Current Faculty Research
Maria Victoria Costa’s book, Rawls, Citizenship, and Education, has recently been published by Routledge. The book examines John Rawls’ account of citizenship and discusses the kind of educational policies that can be legitimately pursued in order to support the rights and liberties of citizens and to encourage the cultivation of civic virtues. Her current research is focused on the neo-republican notion of freedom as non-domination, and whether this notion can be used to provide distinctive recommendations for policy and institutional design.
Timothy Costelloe has recently published two books with Cambridge University Press. The first is The Sublime: From Antiquity to the Present (2012), a collection of fifteen original essays by writers working from a variety of disciplinary perspectives, each focusing on some aspect of or philosophical approach to the affective state traditionally referred to as “the sublime.” The second, The British Aesthetic Tradition: From Shaftesbury to Wittgenstein (2013), is a history of aesthetic theory in Britain from its origins in the later seventeenth and early eighteenth century to more recent developments in contemporary analytic thought. He is currently revising a manuscript titled The Canvas of the Mind: The Role of Imagination in Hume’s System of Philosophy.
Laura Ekstrom has published articles recently on free will, autonomy, and the will, and her major project at the moment is a book manuscript entitled Luck, Loss, and Agent Control. In this book she proposes an analysis of the concept of luck that illuminates the role it plays in discusssions of free will and moral responsibility. She also draws attention to underexplored cases of profound bad luck, cases that seem to threaten more than just freedom, but our very sense of ourselves as agents. Reflection on these cases reveals important insights about our emotional lives and the way we treat each other; it tuns out that our beliefs about luck are intimately connected to our capacities for trust, compassion, and humility.
Christopher Freiman has recently published papers on desert and moral motivation, but his current research is on distributive justice and political philosophy more generally. A paper-in-progress on the effects of economic inequality on people’s absolute well-being was recently featured in a colloquium at the University of Arizona, where it was critiqued and discussed by senior scholars in the field.
Joshua Gert has recently completed a book, published in 2012 with Oxford University Press, entitled Normative Bedrock: Response-dependence, Rationality and Reasons. In this book, Gert offers a distinctive account of what it is for a concept to be response-dependent, as many color concepts and value concepts are often taken to be. On his view, to be response-dependent has more to do with the emergence of a referring term in the language than it has to do with the content of the concept such a term expresses, or with the nature of the property it refers to. He then goes on to give response-dependent accounts of rationality and harm, but argues that these accounts are consistent with the idea that facts about harms provide objective practical reasons.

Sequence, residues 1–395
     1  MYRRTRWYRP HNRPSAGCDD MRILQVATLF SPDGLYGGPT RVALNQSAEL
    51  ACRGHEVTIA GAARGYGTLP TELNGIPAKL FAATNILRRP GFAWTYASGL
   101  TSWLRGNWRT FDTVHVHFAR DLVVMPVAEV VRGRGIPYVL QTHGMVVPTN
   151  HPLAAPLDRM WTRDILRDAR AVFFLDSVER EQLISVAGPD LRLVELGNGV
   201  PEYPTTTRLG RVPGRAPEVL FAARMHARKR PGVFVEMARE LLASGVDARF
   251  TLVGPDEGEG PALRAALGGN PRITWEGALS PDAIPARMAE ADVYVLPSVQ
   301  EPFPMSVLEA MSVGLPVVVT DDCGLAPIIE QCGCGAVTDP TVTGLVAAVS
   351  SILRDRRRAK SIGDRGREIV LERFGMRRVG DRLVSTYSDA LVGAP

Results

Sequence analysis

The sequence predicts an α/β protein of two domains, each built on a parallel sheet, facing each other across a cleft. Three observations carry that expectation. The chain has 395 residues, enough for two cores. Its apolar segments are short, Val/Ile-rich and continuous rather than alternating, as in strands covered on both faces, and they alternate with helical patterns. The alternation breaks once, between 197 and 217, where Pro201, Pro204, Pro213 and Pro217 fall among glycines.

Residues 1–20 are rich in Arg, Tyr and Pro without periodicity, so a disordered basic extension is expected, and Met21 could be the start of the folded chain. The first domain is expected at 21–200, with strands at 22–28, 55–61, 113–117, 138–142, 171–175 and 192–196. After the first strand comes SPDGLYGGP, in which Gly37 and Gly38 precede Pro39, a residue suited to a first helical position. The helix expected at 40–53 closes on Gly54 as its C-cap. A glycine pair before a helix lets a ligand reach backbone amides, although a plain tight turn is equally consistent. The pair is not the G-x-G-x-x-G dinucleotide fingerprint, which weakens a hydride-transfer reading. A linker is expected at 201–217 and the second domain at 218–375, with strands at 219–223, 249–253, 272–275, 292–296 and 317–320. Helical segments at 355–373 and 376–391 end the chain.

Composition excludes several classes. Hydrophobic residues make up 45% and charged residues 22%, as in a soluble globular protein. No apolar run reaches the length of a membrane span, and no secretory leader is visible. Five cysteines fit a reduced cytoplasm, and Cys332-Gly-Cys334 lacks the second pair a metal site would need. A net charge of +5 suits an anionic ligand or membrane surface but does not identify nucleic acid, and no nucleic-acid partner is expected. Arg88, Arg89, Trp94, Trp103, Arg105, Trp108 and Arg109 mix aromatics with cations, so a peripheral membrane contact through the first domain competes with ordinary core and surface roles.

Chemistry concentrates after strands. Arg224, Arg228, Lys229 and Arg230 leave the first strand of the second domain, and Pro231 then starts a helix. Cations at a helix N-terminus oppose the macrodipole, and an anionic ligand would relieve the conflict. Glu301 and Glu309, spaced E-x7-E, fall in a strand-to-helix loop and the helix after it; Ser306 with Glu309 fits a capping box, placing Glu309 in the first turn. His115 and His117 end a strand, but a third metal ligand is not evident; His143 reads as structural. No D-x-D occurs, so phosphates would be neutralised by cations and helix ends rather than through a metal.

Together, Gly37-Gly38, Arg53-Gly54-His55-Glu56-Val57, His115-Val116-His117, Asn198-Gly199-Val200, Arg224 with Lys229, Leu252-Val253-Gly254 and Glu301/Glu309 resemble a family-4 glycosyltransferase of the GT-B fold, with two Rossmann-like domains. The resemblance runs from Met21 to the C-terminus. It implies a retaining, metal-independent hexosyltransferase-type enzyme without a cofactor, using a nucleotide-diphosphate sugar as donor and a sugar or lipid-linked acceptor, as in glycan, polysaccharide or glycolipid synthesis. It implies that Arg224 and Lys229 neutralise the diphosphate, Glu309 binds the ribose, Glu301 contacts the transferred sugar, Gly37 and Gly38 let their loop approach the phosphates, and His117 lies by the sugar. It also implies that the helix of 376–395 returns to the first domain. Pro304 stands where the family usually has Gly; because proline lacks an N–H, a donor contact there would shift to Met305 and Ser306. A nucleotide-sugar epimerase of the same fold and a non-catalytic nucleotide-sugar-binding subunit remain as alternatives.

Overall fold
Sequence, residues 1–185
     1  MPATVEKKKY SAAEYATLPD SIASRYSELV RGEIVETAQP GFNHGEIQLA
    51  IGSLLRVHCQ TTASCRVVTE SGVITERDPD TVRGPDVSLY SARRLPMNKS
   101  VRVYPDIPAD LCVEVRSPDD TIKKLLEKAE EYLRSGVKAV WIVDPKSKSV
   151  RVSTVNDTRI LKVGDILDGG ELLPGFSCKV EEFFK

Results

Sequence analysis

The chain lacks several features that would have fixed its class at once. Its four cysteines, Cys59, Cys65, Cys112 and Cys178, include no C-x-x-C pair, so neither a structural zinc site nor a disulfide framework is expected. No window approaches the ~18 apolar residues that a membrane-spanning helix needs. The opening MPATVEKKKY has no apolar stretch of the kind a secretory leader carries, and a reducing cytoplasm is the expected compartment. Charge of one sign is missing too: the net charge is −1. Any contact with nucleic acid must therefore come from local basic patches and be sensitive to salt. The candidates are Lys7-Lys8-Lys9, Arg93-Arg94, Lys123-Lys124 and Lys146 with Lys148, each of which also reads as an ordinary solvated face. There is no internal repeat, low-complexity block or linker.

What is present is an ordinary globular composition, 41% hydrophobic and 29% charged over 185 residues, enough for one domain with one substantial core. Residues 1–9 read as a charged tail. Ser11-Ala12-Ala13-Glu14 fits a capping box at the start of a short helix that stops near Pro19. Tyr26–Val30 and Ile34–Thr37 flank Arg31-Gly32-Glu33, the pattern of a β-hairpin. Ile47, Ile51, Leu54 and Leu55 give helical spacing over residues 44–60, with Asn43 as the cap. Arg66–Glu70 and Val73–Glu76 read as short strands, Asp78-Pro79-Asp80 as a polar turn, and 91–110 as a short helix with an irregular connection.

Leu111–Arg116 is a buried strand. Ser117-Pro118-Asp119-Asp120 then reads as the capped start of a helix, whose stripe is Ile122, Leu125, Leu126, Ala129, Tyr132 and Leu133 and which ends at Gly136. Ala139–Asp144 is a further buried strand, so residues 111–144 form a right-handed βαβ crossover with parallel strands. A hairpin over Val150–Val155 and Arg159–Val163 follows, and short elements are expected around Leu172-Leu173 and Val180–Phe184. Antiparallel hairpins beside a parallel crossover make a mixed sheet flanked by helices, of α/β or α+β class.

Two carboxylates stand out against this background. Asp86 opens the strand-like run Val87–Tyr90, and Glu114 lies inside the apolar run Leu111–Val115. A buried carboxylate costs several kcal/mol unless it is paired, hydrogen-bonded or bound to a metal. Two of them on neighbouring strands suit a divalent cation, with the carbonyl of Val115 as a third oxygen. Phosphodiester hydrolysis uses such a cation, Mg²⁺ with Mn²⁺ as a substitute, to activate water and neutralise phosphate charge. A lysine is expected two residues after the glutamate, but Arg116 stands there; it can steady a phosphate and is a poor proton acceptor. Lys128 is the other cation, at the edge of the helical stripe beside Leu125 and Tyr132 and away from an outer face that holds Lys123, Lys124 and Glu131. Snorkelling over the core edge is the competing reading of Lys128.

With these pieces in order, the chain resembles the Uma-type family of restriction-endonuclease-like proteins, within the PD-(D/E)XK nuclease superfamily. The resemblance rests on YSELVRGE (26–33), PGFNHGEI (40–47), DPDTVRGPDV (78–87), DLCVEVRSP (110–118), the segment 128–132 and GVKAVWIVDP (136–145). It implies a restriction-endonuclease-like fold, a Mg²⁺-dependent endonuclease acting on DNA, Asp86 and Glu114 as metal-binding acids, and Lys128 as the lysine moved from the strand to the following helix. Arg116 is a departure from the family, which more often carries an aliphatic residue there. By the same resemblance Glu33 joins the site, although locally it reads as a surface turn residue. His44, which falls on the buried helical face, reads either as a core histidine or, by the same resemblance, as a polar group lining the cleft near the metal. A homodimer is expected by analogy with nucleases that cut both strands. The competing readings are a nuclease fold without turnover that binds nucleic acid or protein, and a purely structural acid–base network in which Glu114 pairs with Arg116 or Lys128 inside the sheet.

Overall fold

Alan Goldman published a book on philosophy and novels with Oxford University Press in 2013 entitled Philosophy and the Novel, which explores ethical themes in such classics as Pride and Prejudice, Huckleberry Finn, Nostromo, and the contemporary novel, The Cider House Rules. An Author-Meets-Critics session will be held on his book at the American Society for Aesthetics in San Antonio in October 2014. A conference on Alan Goldman's work is being planned at the University of Rijeka, Croatia, in December 2014.
Matthew Haug received a prestigious fellowship from the National Science Foundation for the 2010-2011 academic year, during which time he has been hard at work on a book entitled Methodology and Metaphysics in the Sciences of the Mind. The book will use recent interdisciplinary research on the reciprocal relation between psychology and biochemistry to defend a particular naturalistic view of the mind, which Haug calls inclusive physicalism. The book, in part, will explore what it could mean for mental properties to be irreducible and whether such irreducibility is compatible with physicalism. In the meantime, Haug has recently published several articles on the philosophy of science and the philosophy of mind, and he has edited a collection of essays on philosophical methodology with Routledge, entitled Philosophical Methodology: The Armchair or the Laboratory? (2013).
Elizabeth Radcliffe has several research projects related to Hume's theory of the passions and his action theory. She is working on three papers, one on Hume's influence on contemporary moral philosophy, one on Hume and conflicting passions, and one that offers a critical overview of recent literature on Hume's theory of the passions. She also has a book in progress, which is under contract at Oxford University Press, entitled Hume, Passion, and Action. This book presents a detailed study and defense of Hume’s arguments concerning the roles of reason and certain passions, namely, desires, in motivation and treats Hume as an interlocutor in several contemporary debates. The literature has many discussions of Hume’s motivational theory; however, some recent interpretations of Hume are misleading, although for interesting reasons. This book is an attempt both to address some of the interpretative issues in Hume and to develop Humeanism about reasons for action in a plausible direction, with a twist itself inspired by Hume.